Blacks and Hispanics are less likely than whites and Asians to apply for a mortgage to purchase a home in the first place, but when they do, they also are much less likely to be approved, according to a joint report by Zillow and the National Urban League.
"A House Divided: How Race Colors the Path to Homeownership" relied on Home Mortgage Disclosure Act data, the Zillow Home Value Index and a survey performed by Ipsos. It discovered a number of instances in which members of minority groups -- particularly blacks and Hispanics -- faced challenges and obstacles in homeownership that differed greatly from what white people experienced.
"The American dream of homeownership is not equally shared by all, even today. Our research shows that minority homebuyers are encountering difficulties that often aren't shared by white homebuyers," said Stan Humphries, chief economist for Seattle-based Zillow, an online real estate database.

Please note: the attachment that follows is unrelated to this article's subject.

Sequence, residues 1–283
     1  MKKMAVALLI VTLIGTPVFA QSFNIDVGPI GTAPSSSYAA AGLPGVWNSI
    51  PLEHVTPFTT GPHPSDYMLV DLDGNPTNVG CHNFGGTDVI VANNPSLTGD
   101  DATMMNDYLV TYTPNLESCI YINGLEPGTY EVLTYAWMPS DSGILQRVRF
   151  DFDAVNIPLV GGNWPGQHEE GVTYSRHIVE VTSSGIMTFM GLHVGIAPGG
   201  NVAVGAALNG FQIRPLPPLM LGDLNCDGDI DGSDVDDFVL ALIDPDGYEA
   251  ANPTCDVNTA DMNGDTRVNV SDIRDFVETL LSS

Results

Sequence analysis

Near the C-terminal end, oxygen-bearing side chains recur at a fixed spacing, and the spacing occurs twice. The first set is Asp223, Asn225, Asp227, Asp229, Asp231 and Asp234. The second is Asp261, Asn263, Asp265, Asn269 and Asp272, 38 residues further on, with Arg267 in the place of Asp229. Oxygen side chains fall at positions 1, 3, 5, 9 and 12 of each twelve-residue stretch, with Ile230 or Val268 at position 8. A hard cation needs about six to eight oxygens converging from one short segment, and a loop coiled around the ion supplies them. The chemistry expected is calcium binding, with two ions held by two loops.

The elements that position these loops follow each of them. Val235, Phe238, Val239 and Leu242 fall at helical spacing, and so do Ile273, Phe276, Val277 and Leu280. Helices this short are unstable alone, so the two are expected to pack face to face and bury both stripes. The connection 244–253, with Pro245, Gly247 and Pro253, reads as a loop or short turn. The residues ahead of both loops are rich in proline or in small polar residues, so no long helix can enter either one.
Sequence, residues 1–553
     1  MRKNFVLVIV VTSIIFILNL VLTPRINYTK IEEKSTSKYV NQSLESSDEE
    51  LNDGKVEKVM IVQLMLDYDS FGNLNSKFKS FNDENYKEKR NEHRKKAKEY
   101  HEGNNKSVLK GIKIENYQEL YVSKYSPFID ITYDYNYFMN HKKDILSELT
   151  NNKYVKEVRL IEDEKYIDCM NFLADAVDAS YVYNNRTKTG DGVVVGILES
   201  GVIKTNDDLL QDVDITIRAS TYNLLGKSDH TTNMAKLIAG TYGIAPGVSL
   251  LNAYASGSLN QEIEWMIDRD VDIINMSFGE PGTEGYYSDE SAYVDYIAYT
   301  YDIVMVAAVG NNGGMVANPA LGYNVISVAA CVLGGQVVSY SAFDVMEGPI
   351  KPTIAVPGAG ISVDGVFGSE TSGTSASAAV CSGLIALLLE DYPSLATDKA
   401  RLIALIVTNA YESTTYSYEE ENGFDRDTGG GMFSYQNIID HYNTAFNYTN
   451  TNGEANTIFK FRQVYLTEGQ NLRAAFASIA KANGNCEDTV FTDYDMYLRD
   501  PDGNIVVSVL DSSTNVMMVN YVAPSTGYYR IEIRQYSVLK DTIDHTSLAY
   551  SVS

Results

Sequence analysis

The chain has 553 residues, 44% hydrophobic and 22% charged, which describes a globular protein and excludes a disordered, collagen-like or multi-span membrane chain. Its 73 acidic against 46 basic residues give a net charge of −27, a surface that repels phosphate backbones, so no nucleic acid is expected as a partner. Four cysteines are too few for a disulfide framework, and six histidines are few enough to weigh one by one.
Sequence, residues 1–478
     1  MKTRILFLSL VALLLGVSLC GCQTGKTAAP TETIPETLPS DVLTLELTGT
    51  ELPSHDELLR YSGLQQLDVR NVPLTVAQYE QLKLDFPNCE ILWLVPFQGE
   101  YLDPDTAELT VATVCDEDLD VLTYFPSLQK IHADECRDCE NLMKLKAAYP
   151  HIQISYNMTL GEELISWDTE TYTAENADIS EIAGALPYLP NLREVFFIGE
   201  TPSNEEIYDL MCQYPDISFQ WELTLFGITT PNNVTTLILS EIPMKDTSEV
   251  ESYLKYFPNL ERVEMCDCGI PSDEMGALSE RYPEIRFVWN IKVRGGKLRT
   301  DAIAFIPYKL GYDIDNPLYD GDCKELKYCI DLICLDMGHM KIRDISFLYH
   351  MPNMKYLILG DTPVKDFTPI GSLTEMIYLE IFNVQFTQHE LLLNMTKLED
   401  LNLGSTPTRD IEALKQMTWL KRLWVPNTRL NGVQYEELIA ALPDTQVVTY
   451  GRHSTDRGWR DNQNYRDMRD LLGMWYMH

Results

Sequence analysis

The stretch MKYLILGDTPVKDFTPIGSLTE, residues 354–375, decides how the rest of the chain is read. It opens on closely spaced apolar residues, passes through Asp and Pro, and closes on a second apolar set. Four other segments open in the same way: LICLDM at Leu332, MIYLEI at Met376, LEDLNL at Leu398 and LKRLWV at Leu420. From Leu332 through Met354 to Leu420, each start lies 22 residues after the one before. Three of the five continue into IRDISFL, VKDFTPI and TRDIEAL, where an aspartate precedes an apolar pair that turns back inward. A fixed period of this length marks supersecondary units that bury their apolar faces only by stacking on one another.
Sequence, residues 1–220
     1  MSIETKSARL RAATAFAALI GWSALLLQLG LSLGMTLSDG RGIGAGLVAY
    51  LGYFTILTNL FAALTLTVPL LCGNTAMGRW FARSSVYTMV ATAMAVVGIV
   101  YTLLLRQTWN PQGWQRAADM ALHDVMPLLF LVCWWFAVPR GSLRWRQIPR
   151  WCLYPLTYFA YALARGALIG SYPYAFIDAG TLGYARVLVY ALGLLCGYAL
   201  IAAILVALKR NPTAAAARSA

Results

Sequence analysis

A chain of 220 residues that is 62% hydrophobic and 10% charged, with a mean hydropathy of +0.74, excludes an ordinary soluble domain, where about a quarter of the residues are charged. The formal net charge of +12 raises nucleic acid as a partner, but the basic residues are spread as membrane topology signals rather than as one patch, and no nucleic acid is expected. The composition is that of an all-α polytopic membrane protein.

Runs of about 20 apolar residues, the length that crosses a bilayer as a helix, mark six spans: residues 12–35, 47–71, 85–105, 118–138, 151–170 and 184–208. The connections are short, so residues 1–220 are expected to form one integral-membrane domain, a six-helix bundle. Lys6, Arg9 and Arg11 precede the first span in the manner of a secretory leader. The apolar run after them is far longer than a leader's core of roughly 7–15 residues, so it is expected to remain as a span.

"Even after they achieve the dream, they are less likely to see a similar return on their investment."
For starters, while blacks make up 12.1 percent of the U.S. population, they filed 6 percent of all mortgage applications in 2012, according to the report. Hispanics make up 17.3 percent of the population, but filed 9.4 percent of the applications.
In contrast, whites make up 63 percent of the U.S. populations and filed 64.8 percent of mortgage applications in 2012.